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Executive Interview Process

No one is perfect. Yet many candidates stumble when asked, ‘tell me about a project that did not go to plan?’

The struggle with this key interview question is often because we focus on (and remember) what is going well and what we like, while failing to work on areas we perhaps don’t enjoy or struggle at. However, it is extremely important as a job candidate to get this question right.

When an executive recruiter or hiring manager asks about your weaknesses or examples of failure, they are looking to understand your process for self-development and continual learning.
 

Candidates self destruct in many ways during interviews. But I’ve heard – and seen – more candidates kill their chances during interviews this one way than all others combined. This mayhem doesn’t just kill interviews, the poison can extend to phone interviews and written communication also.
It’s a deal killer … and it happens a lot. Many candidates just can’t seem to stop themselves.

As an observer or listener, it’s like seeing a train wreck that’s about to happen – it hasn’t happened yet, you can see that it’s inevitable, yet you’re powerless to stop the wreck from happening.

Ever get all excited for an interview, only to be frustrated that it didn’t go as well as planned? Maybe your experience wasn’t portrayed in its best light, or your many accomplishments weren’t valued.

In a recent survey of BlueSteps senior executives, 49.4% believed that executives should stay in every position at least two years, with a further 19.5% believing 3 years to be the minimum, in order to not compromise the value of your resume/CV. However, for many reasons, tenure in jobs can come under two years. So what should you do when your CV/resume presents two or more positions with tenure of less than two years?
 
To help answer this question, we refer to a recent Ivy Exec blog post, about this topic exactly. Taking advice from Bradford Agry, take a look at the key takeaways from his response:

It is very common to hear career coaches, hiring managers or executive recruiters advising candidates to use the CAR interview technique – in fact, I first heard about it from an AESC member search consultant at Russell Reynolds. But why is this particular interview technique so popular?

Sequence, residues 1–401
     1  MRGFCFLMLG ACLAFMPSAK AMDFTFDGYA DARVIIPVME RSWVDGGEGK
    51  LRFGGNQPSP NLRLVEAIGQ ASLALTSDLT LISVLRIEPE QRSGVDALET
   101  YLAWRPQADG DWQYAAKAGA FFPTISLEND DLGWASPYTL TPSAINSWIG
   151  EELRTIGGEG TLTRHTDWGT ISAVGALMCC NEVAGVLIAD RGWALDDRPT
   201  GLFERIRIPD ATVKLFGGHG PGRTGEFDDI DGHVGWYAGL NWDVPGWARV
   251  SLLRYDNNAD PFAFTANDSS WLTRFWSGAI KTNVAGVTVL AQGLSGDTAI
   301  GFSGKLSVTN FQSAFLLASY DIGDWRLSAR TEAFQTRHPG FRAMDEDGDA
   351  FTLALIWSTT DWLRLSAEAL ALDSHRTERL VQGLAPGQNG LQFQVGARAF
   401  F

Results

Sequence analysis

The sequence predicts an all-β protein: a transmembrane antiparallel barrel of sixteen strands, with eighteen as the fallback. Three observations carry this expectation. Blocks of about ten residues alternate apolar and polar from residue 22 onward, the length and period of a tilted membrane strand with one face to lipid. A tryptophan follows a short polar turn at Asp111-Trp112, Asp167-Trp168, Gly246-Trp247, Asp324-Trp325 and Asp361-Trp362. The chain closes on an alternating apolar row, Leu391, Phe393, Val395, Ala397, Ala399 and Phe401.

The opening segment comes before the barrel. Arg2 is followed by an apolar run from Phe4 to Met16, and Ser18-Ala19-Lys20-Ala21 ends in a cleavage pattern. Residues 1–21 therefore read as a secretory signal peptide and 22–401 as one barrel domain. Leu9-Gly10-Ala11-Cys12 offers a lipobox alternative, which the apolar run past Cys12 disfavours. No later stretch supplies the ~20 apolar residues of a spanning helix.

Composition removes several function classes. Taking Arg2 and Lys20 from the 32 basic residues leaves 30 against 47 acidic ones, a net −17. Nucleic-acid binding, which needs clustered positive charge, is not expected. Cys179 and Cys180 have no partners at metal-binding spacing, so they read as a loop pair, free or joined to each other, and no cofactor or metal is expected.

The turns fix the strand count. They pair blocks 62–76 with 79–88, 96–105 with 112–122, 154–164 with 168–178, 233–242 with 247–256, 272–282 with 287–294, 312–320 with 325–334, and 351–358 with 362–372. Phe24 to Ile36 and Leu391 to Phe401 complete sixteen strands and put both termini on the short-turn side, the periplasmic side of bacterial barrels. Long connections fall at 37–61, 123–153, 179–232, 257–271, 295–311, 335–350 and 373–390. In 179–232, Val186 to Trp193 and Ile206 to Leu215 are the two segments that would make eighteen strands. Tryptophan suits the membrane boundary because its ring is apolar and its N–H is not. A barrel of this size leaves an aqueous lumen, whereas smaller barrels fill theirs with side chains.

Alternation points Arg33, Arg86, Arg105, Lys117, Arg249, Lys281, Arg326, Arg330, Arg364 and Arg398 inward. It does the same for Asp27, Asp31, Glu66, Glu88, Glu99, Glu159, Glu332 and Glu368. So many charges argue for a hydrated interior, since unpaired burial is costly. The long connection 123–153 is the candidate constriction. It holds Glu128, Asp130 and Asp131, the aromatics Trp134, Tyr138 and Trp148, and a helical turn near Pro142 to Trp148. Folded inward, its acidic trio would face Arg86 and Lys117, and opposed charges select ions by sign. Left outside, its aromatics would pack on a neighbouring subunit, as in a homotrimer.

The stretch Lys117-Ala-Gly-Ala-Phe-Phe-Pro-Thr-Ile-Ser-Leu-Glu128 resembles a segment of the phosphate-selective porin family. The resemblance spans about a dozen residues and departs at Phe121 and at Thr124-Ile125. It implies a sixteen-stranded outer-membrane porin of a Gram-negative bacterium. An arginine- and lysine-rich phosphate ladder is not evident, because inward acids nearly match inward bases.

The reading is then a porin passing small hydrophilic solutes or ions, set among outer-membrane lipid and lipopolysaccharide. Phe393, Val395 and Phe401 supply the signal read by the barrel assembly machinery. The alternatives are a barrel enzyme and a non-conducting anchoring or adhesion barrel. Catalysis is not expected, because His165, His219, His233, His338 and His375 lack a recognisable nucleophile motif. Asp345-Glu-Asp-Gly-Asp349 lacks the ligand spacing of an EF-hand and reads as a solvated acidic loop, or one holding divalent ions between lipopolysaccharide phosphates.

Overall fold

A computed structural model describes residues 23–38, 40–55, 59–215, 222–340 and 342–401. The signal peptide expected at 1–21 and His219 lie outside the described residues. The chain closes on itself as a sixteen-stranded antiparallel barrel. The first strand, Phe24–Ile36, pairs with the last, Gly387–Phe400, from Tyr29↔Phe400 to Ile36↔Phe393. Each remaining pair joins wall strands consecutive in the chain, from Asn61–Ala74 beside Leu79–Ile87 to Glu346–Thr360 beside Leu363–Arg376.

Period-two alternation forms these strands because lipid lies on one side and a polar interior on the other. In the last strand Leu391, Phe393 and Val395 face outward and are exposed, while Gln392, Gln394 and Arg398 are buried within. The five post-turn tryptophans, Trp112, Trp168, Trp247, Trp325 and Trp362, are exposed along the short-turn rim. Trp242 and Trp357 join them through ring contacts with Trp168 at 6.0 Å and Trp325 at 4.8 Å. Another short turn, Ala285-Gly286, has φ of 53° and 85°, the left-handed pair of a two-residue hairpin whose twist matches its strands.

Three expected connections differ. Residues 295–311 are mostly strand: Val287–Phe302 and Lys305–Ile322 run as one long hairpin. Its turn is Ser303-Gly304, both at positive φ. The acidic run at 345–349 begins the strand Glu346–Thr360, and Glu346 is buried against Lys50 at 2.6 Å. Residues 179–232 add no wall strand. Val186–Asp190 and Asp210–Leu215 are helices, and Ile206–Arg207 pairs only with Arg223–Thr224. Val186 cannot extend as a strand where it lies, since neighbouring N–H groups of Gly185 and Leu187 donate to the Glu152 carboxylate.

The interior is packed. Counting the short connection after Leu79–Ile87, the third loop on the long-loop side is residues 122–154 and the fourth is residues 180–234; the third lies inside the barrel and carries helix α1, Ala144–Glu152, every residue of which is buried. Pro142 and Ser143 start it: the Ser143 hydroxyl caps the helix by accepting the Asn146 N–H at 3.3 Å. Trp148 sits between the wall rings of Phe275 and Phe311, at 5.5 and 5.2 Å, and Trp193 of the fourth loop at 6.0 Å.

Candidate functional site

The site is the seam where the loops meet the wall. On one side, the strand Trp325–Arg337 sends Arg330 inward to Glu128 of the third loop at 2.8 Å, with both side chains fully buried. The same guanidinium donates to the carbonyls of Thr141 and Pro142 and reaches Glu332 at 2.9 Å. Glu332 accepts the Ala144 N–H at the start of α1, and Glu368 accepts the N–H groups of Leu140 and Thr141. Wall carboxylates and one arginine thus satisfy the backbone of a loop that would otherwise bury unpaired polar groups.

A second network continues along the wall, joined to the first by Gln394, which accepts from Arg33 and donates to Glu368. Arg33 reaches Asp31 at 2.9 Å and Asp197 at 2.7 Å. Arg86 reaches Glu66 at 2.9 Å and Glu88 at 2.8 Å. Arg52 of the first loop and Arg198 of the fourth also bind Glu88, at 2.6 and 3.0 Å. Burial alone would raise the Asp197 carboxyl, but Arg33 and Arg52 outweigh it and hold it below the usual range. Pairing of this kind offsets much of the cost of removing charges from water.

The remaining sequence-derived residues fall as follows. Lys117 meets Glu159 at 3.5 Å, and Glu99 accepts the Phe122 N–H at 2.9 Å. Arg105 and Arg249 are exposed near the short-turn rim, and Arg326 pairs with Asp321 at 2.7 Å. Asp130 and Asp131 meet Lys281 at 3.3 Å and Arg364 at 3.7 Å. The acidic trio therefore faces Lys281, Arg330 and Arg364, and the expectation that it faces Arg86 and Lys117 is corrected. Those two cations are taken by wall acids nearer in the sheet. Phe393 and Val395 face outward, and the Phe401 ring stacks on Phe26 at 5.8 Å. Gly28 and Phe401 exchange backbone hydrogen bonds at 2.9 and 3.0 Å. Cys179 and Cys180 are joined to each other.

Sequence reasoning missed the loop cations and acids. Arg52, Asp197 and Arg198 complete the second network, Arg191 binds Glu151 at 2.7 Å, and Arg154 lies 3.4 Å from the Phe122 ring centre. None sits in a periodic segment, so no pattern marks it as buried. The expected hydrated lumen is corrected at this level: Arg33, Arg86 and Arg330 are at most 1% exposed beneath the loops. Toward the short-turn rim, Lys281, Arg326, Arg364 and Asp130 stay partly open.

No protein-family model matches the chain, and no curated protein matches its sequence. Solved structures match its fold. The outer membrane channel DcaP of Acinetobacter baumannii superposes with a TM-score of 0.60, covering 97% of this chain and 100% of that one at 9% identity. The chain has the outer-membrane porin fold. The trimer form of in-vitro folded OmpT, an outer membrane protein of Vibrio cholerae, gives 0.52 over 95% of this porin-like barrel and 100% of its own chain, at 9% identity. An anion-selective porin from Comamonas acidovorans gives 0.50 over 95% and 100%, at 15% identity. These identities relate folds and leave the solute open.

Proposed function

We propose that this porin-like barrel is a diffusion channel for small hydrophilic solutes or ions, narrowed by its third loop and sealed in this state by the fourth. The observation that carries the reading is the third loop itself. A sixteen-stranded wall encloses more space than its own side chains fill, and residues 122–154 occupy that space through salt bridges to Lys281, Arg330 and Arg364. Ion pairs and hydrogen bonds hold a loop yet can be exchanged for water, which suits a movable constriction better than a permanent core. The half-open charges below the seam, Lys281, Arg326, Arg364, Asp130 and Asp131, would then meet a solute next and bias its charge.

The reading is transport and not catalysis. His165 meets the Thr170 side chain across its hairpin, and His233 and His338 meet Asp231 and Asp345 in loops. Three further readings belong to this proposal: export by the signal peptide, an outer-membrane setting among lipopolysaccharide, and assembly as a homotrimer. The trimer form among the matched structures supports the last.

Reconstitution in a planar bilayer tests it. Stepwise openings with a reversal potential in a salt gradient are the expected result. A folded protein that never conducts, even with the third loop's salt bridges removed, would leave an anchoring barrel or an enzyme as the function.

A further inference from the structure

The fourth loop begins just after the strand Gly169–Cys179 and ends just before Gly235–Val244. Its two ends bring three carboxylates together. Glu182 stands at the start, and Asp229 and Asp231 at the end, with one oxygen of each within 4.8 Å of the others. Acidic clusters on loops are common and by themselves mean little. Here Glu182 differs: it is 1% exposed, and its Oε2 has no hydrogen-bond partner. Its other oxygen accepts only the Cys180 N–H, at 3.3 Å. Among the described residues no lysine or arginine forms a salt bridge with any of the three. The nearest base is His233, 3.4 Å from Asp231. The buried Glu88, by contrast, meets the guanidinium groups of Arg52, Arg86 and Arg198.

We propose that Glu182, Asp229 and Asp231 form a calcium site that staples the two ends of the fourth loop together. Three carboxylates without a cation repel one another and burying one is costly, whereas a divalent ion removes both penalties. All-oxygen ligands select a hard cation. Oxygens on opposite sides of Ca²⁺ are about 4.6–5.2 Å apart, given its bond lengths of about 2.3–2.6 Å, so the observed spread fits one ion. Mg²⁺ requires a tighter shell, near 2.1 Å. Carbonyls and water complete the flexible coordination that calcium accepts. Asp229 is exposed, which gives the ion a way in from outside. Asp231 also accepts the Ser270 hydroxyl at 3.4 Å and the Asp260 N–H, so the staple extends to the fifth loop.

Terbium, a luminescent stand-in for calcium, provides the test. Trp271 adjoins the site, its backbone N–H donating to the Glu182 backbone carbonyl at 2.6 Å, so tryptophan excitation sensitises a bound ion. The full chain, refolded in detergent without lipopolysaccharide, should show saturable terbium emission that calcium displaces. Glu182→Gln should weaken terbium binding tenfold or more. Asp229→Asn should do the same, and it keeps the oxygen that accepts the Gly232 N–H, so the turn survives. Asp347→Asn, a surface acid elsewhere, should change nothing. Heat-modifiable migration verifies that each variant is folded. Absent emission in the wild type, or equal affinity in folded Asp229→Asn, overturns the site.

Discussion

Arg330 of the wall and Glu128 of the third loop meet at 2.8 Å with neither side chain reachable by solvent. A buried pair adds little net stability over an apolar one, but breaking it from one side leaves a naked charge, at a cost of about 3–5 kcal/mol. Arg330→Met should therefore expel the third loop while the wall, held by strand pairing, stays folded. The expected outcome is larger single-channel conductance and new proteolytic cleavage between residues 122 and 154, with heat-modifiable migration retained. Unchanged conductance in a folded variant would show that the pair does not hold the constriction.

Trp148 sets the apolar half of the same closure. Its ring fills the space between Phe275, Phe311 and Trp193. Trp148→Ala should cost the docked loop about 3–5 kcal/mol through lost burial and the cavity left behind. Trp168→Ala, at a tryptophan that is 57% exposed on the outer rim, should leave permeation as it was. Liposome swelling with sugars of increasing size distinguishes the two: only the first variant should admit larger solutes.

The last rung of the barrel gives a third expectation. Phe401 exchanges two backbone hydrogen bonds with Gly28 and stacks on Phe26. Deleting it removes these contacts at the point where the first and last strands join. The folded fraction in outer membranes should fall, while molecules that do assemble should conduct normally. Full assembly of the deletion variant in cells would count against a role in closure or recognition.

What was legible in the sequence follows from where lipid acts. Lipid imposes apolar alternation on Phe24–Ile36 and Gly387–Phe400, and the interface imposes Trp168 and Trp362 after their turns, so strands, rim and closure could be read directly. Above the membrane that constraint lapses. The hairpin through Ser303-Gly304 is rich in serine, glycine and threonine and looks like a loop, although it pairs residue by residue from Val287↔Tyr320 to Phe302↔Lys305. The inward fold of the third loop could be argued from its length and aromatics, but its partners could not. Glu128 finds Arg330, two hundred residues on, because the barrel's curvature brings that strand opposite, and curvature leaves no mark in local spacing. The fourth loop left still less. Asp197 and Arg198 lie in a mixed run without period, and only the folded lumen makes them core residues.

Recently I came across a frustrated executive job seeker, who had experienced some hiring brick walls due to lack of industry experience. The job seeker in question wished to switch industry and pointed out the number of transferable skills he had obtained throughout his career – asking why executive recruiters and hiring managers are pre-occupied with experience?

My clients often express frustration after they’ve completed their interviews for a position they want. The common complaints include, “Why doesn’t the company call me back?” or “I feel like I have no power; all I can do is wait for an answer,” or “Can’t I do anything to make the employer say YES?”


Effective Interview Techniques for Senior Executive Positions

Your efforts have finally paid off—you’re scheduled to meet with an executive recruiter or hiring manager to discuss a job that’s a good fit for your experience, expertise, and career interests. But don’t relax yet! You can increase your chances of earning a second interview and, ultimately, a job offer by spending some time preparing for that interview.

Executive job interviewers taking notes

During an executive job search, succeeding during executive interviews is the final step in landing that ideal executive position. Not only is it a requisite for demonstrating your skills to others, the process of refining your interview technique will help provide focus to your executive job search and remind you of your key strengths.

1. Importance of Research